about 5-8 nm offshore. Will maintain the marine dense fog
advisory for all legs except the Georgia offshore waters through
10 am. Otherwise...SW winds around 10 knots will persist with
combined seas averaging 2-3 feet nearshore and 3-4 feet offshore.

Tonight...the risk for sea fog will linger through this evening
over the South Carolina waters and late tonight for the Georgia
nearshore waters as a cold front drops south. As winds turn north
any sea fog could be pushes to the south and offshore. SW winds
5-10 knots will prevail ahead of the front...then turning north 10 knots
with its passage. Seas will 2-3 feet will subside to 1-2 feet over the
nearshore waters with 3-4 feet seas subsiding to 2-3 feet for the
Georgia offshore leg.

Tuesday through Friday...high pressure will build from the northwest
middle week and reside over the waters by Friday. Cooler and quite a
bit drier air moving in will set up some tight thermal and
moisture gradient Tuesday night into Wednesday night resulting in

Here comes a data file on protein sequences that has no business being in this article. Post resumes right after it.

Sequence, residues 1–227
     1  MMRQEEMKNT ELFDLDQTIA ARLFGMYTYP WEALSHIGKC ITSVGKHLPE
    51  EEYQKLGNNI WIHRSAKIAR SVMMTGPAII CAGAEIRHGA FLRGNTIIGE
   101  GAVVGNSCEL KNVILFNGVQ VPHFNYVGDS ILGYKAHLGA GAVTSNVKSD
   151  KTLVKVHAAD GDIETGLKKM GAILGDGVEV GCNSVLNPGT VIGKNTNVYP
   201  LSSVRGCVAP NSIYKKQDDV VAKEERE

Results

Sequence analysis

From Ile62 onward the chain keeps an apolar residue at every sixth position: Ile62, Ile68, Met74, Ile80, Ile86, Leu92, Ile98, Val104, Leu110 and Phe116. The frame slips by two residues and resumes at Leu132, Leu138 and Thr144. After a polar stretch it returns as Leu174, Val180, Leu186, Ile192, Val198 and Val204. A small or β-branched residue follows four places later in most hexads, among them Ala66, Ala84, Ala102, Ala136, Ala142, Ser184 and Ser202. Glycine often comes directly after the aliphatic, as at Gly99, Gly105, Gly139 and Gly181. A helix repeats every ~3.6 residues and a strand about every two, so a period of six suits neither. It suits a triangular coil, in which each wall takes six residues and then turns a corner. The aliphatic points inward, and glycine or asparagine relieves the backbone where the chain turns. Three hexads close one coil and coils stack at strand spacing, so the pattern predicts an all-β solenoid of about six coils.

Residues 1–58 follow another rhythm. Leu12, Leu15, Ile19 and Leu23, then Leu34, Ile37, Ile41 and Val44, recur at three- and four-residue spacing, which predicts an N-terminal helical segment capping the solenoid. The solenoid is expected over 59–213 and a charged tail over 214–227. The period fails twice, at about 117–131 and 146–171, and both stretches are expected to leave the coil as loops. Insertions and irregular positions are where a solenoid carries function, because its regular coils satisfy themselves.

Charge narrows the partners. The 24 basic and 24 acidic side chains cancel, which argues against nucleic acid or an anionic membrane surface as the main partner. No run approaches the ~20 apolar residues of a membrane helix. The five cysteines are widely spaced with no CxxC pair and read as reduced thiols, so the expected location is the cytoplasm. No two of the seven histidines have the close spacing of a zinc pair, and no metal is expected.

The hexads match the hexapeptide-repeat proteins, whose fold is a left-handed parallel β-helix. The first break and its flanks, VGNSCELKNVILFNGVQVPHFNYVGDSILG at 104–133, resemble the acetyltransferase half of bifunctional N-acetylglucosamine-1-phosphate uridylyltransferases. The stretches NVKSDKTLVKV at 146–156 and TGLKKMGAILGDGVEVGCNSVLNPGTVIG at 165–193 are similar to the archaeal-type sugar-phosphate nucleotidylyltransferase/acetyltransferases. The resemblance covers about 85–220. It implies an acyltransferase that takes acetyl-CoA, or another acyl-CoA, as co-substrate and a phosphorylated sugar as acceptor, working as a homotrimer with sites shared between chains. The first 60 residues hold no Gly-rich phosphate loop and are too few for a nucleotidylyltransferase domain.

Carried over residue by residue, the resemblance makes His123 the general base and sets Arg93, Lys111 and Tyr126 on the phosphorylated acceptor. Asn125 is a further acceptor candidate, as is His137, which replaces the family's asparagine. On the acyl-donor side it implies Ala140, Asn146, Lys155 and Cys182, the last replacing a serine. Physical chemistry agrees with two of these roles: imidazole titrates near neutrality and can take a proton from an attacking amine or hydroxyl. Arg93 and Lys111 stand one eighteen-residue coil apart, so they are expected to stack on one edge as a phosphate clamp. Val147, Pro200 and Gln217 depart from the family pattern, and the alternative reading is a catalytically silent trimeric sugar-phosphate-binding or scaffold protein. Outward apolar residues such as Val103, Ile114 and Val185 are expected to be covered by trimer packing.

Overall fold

some occasional surges from the north and northeast. 15-20 knots flow
over the Georgia waters on Wednesday should result in seas
building to 4-6 feet beyond 20 nm offshore. Small Craft Advisory
conditions are possible during this time. Lighter winds by late
week with winds and seas below any criteria thresholds. A bit too
early to commit on strength of The Wedge this weekend and timing
the warm front through...but complex low level mixing environments
are likely.


Chs watches/warnings/advisories...
SC...dense fog advisory until 10 am EST this morning for scz043>045-
Marine...dense fog advisory until 10 am EST this morning for amz330-350-